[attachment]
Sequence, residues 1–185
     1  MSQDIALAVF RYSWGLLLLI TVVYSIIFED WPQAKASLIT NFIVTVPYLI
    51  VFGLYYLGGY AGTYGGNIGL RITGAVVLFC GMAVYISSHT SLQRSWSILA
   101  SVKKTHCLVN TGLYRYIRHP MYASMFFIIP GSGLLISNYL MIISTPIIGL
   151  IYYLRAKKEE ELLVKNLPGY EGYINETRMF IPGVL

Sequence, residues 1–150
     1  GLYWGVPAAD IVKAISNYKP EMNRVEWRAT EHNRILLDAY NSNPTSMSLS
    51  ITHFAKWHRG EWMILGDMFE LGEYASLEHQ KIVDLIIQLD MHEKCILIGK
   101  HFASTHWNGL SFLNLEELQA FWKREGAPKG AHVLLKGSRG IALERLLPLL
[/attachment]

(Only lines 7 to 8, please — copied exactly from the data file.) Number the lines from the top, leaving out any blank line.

     1  GLYWGVPAAD IVKAISNYKP EMNRVEWRAT EHNRILLDAY NSNPTSMSLS
    51  ITHFAKWHRG EWMILGDMFE LGEYASLEHQ KIVDLIIQLD MHEKCILIGK